WESTGELBSTEIN, Mont. – The Treasure State is a land of many moods, from the high plains to the snow-capped mountains.
“We’re getting warmer and that’s affecting our snowpack,” said Cathy Whitlock of Montana State University. “The snow is melting earlier and we’re going into summer with less water.”
The state is the fourth largest in America with over 147,000 square miles of diverse landscape. Montana also experienced many extreme weather conditions this year, from flooding, intense heat and strong winds.
“So we have to adapt,” Whitlock said. “Less snow, less water at the end of summer, more fires.”
As Montana transitions into winter, the resilience of the people and the land is strong.
“YELLOWSTONE IS AN AMAZING PLACE”: AMERICA’S OLDEST NATIONAL PARK CELEBRATES 150 YEARS
“There’s an abundance of challenges,” said Montana rancher Aaron Paulson. “In the summer we have extreme heat. We will get longer periods without rain. In winter there are months with snow.”
Paulson knows these lands well. He has seen and felt how the environment is changing.
“Weather changes in recent years have certainly made it more difficult to deal with inconsistent rainfall, but we’re learning to roll with the punches and make it work,” he said.
In 2021, the Greater Yellowstone Climate Assessment found that, according to geological studies, the average temperature in the region was as high or higher than any period in the last 20,000 years and probably the warmest in the last 800,000 years. To make matters worse for the West’s river system and water supply, average annual snowfall has declined 23 inches since 1950.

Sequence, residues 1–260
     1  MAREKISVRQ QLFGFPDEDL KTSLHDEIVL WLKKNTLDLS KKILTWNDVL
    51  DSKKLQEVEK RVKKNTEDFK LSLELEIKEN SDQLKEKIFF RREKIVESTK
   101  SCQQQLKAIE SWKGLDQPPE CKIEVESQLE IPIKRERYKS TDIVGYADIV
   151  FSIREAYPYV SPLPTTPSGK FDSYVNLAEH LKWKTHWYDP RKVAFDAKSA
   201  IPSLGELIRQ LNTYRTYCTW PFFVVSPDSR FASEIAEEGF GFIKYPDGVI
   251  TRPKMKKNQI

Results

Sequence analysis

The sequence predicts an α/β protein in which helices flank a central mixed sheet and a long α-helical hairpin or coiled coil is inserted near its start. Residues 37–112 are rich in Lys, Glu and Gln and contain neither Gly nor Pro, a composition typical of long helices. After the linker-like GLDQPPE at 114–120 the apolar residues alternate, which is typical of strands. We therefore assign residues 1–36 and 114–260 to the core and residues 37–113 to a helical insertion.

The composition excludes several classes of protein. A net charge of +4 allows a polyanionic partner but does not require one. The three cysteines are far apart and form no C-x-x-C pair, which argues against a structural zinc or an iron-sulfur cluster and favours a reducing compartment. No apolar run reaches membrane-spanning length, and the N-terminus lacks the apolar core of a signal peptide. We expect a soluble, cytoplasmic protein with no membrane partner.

7 THINGS YOU SHOULD KNOW ABOUT YELLOWSTONE NATIONAL PARK
“I think the biggest challenge we face and will face in the future is water availability,” said Charles Wolf Drimal of the Greater Yellowstone Coalition. “Big picture: The changes we are seeing and the changes we will see are rising temperatures annually.”
Montana has four main ecosystems: the montane forest, intermountain grasslands, plains, and scrub grasslands. It makes weather patterns unique and often fickle. In the region, the temperature once changed by 47 degrees in just 7 minutes.
“For the past 10 years, we’ve tried to track and keep records of the weather fairly closely every day, and we’ve certainly noticed more extremes,” Paulson said.
Many experienced the June flash floods in Yellowstone National Park. They also realized that Mother Nature could conquer even the most beautiful places on earth at any moment.